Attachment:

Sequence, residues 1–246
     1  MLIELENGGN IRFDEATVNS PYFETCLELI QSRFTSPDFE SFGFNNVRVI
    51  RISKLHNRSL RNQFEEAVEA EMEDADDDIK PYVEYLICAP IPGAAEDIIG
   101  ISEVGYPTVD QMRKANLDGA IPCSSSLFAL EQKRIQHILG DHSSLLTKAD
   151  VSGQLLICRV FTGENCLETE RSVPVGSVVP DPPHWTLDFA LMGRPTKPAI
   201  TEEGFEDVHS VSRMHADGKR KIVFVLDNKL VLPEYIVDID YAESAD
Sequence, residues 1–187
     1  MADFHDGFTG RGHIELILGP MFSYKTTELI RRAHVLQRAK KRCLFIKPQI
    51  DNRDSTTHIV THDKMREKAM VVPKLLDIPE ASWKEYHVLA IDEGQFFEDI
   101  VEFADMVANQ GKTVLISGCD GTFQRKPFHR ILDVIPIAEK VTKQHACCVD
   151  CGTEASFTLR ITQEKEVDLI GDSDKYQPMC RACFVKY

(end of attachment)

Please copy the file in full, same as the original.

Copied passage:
Sequence, residues 1–246
     1  MLIELENGGN IRFDEATVNS PYFETCLELI QSRFTSPDFE SFGFNNVRVI
    51  RISKLHNRSL RNQFEEAVEA EMEDADDDIK PYVEYLICAP IPGAAEDIIG
   101  ISEVGYPTVD QMRKANLDGA IPCSSSLFAL EQKRIQHILG DHSSLLTKAD
   151  VSGQLLICRV FTGENCLETE RSVPVGSVVP DPPHWTLDFA LMGRPTKPAI
   201  TEEGFEDVHS VSRMHADGKR KIVFVLDNKL VLPEYIVDID YAESAD
Sequence, residues 1–187
     1  MADFHDGFTG RGHIELILGP MFSYKTTELI RRAHVLQRAK KRCLFIKPQI
    51  DNRDSTTHIV THDKMREKAM VVPKLLDIPE ASWKEYHVLA IDEGQFFEDI
   101  VEFADMVANQ GKTVLISGCD GTFQRKPFHR ILDVIPIAEK VTKQHACCVD
   151  CGTEASFTLR ITQEKEVDLI GDSDKYQPMC RACFVKY